Intel Gunning To Challenge Nvidia At HPC With ‘Knights Landing’ Xeon Phi Processor
Intel's Knights Landing is set to offer three times the amount of performance as the current-gen Knights Corner.
Intel (NASDAQ:INTC) has shed further details on its second-generation Xeon Phi CPU, known as Knights Landing.
The processor features several technical achievements, starting with a 14nm manufacturing process, which is a first in this series. Designed to offer high-performance computing, Knights Landing differs from other server-based CPUs in that it uses lots of low-energy cores to run parallel tasks, whereas offerings from IBM (NYSE:IBM) or Oracle (NYSE:ORCL) use fewer but more powerful cores.
Built on Intel’s MIC (Many Integrated Core) architecture with a total of 8 billion transistors, Knights Landing runs a modified version of the Atom Silvermont x86 core in a tile configuration, with a single tile featuring two cores and vector execution units along with shared L2 cache as well as a circuitry that connects the tile to the rest of the mesh network. Intel has mentioned that each Knights Landing package would include a processor with 30 or more tiles and eight on-chip memory modules. Another major highlight with Knights Landing is that it would be able to function as a host processor, meaning that it can boot and run x86 operating systems and application code without any need for recompilation. It can also act as a co-processor.
Talking about memory, the chip vendor has announced that Knights Landing would feature eight 2GB stacks of memory, totaling up to 16GB. The chip is manufactured at Micron, and looks to be a variant of the manufacturer’s Hybrid Memory Cube, which involves stacking memory and using an embedded logic chip to deliver higher bandwidth at a lower power. Micron has mentioned that its HMC modules will be able to transfer data 15 times faster than a standard DDR3 module, while utilizing 70%
"14nm Core-Ms, Cherry Trails, Broxtons, Sofias are all going to wreak havoc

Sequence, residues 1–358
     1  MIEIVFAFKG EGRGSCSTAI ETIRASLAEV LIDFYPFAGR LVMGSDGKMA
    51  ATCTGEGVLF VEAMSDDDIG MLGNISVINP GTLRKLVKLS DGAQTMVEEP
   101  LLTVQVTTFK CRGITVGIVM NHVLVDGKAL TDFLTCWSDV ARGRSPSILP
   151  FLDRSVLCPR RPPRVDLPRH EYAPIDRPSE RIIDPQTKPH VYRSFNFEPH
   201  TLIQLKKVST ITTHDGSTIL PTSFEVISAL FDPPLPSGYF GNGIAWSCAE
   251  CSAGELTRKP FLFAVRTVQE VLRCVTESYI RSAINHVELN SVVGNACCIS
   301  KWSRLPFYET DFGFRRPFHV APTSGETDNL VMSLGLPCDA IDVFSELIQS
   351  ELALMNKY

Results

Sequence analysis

Like the 22nm, 32nm parts before them eh?:)"
Don't you know INtel is coming out with something next year ?
Only this time... the competition is thru :)
"BK isn't bad with a nimble forward-looking outlook"
Nimble was exactly what INtel needed. BK is more williing
to open INtel fabs. Not there yet, but embraced it more than Otellini.
"Otellini wasn't bad either considering the mess he inherited"
My friends at INtel greatly respected him, said he modernized INtel internally.
"They crushed Nvidia's tablet marketshare so what did I get wrong "
NVidia lost it all on their own. But Tegra business is growing now...
Anyway, evidence is $4B in bribes works :)
"I told getanid61 that already"
Yes, for years & years you've been repeating & repeating:
INtel is coming out with something next year... only this time, the competition is thru
Instead of INtel crushing the competition, x86 needed $4B in bribes to stay relevant.
What is stupid about..."Global graphics card shipments in 1Q15 to fall 20-25%" ??
"Rediculous message in your link. "
The point was, which you seemed to have missed entirely:
"Global graphics card shipments in 1Q15 to fall 20-25%"
More than 48 core ARMv8 chips to unlock the data centre door
ARM Holdings is telling investors it will take 20 per cent of the server silicon market by the year 2020.
The company made the claim last week at an event in Taiwan, sending ripples through the Asian media.
A little searching shows that presentations like this one (PDF) shows that the 20 per cent claim has been used in chats with investors since mid-February 2015, with the diagram below offering a hint of how the company thinks it will get there.
Elsewhere in the presentation, ARM makes it plain that it thinks core data centre workloads are within its reach, especially in hyperscale data centres. The slide deck also guesstimates that by 2020 ARM chippery will be present in just 20 devices, suggesting that the company is wooing white box operators and/or vendors' niche servers
ARM's long looked a data centre contender thanks to its chips' low power consumption and cool runnings, ideal features for the dense rigs needed to run efficiently at very large scales. That folks like Cavium have backed the company's platform by building a 48-core ARMv8 chip, and making sure it plays nice with the Xen hypervisor, doesn't hurt either.
There's lots of interest in ARM
semi_punk, again I call your bluff !!!
"a guy who claimed Trigate/FinFet would be only applicable to CPUs and FPGAs but not to SoCs -"
why do you make stuff up ??
as expected you can't back up anything you've claimed...
You claim I say things... but can't back up a single comment you make !!
"play" ARM by buying chip equipment ..."
anybody understand this ?? anyone ??
"but you are thick as a brick "
"G61 dd not understand how 2 D defect density would apply an Intel 3 D "
First, you gotta learn English...
semi_punk, again I call your bluff !!!
Find any comments of mine... or I guess you'll just have to make up some more...